This weekend, my brother, dad and I spent some time in the Valley. Here are some images of Yosemite:
For anyone who's ever done something creative, this one's for you. Olé!
I had a boss once who didn't like change. It was surprising actually, once you got to know her, how, with her reluctance to try new things, she managed to be a well-respected small business owner who was decidedly good at what she did. Certainly her work ethic was a large part of it, but despite that, you couldn't help but feel that she was digging her own grave. I mean, she didn't like new things. Most stark in her personal war against change was her disdain for technology. This woman didn't like computers. Computers. "If it was up to me", she would proudly boast, "I wouldn't use them at all." Really? Of all the things out there to strategically not invest in (an extensive collection of DVDs or maybe the latest Ke$ha CD), computers wouldn't really be my first choice. I mean, I'm no futurist forecaster here, but I'm pretty sure computers are here for the long haul.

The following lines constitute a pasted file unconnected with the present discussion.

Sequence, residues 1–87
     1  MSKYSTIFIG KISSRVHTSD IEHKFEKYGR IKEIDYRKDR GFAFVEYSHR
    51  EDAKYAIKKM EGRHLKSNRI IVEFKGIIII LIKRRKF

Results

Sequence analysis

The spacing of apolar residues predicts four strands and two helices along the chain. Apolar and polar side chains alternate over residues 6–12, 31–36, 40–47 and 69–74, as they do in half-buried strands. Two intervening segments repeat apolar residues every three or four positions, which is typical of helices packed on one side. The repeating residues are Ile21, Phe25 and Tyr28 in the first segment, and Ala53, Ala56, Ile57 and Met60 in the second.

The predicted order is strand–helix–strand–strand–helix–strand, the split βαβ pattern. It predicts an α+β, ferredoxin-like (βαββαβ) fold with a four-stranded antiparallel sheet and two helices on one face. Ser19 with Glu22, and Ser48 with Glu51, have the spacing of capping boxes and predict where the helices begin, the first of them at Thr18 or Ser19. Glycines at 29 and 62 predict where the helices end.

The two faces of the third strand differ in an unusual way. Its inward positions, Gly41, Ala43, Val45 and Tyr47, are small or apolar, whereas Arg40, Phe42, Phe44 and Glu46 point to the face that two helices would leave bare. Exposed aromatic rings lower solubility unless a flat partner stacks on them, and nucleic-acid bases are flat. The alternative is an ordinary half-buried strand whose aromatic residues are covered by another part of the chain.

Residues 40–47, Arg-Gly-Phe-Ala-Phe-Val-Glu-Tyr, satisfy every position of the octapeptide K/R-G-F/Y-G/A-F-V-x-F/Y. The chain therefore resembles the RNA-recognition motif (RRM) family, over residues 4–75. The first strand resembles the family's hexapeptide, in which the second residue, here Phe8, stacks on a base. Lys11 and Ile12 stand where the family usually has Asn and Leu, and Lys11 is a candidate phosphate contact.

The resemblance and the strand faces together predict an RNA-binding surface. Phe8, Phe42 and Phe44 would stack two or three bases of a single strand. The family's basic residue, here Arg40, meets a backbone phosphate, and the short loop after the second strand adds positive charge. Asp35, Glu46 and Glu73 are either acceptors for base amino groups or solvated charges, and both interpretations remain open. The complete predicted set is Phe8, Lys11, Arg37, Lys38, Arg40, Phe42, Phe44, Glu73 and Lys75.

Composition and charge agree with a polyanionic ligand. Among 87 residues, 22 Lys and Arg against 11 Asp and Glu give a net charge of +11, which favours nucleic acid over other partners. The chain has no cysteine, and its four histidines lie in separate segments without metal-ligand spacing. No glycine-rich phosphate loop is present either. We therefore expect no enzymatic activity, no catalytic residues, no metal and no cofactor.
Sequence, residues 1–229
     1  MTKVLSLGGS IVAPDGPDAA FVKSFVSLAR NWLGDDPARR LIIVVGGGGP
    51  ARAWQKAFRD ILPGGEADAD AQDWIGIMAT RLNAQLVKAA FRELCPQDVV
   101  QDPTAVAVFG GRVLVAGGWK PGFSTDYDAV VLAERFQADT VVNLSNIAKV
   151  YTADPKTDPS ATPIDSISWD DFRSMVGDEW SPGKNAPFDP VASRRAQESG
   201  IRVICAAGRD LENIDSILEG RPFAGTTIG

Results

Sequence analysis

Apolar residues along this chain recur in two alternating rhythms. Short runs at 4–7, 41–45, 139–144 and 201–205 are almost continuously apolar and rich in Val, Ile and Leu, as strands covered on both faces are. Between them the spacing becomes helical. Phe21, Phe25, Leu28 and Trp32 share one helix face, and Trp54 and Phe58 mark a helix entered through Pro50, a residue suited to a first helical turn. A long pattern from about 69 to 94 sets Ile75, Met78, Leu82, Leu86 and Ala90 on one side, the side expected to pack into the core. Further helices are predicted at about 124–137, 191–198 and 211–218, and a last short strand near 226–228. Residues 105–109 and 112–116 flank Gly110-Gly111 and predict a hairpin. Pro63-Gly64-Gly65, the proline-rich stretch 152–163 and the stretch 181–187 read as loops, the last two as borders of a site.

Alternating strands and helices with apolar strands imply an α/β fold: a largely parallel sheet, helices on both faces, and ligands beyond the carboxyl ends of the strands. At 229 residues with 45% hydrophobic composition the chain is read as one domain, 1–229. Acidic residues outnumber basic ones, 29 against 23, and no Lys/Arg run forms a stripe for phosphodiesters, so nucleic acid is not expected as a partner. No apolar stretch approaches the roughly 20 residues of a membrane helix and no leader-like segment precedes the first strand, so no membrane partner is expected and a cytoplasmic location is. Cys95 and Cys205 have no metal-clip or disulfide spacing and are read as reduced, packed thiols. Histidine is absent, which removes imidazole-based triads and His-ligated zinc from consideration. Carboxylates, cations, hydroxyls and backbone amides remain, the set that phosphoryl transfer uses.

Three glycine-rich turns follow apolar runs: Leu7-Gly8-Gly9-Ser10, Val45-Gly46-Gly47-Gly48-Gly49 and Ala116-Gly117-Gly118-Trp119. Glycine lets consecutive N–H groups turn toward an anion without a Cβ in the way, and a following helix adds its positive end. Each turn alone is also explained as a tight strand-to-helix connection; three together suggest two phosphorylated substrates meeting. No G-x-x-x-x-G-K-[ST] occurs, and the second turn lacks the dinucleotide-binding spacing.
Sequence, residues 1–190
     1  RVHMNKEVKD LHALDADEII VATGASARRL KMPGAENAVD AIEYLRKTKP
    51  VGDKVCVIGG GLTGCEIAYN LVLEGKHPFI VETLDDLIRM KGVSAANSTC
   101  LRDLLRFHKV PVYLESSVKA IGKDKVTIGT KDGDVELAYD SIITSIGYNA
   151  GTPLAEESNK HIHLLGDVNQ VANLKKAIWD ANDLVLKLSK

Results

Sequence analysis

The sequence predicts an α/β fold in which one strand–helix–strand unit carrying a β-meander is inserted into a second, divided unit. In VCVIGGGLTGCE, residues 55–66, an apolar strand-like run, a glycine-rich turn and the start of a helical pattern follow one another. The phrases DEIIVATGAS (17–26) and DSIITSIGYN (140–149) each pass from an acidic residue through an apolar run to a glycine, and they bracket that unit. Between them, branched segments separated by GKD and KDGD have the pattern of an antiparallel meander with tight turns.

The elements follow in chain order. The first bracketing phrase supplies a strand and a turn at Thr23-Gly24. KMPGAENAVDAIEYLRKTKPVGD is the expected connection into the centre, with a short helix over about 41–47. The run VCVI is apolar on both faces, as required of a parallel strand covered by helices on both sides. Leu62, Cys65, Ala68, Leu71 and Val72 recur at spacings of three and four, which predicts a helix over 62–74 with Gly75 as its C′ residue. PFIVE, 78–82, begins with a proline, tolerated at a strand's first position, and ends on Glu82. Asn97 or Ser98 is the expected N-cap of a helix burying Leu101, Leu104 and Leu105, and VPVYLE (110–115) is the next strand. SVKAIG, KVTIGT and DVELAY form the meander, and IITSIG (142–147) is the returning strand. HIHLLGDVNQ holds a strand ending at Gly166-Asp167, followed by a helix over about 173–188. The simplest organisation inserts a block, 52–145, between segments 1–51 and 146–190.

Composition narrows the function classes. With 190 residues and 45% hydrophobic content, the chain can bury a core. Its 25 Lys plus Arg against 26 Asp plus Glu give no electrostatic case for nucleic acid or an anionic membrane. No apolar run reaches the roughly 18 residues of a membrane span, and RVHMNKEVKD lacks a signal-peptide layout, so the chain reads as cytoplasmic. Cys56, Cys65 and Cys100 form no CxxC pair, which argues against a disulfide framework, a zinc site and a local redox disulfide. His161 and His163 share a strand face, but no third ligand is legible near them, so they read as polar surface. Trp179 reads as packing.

You're probably wondering how I got to this thought process, or where I'm even going with this. The key idea here is change. Everything changes - you know that, I know that. But instinctively, we want to hold on to things the way they were because change scares us. After all, what if the change made our lives worse? What if we didn't know what we were doing anymore, especially when it was so easy before? But the thing is, that whether or not change is good isn't the issue. It's a complete lie. No one can avoid change because change simply is. You can pretend that you don't need to grow and evolve with everything and everyone else. You can go on acting like everything will stay the same forever. You can insist that you'll be fine without paying attention, without adapting to the newest thing. But in the end, you'll be the one to pay. You'll make yourself obsolete with your own limitations. You'll kill yourself before anyone else ever does. You'll grow old before your time.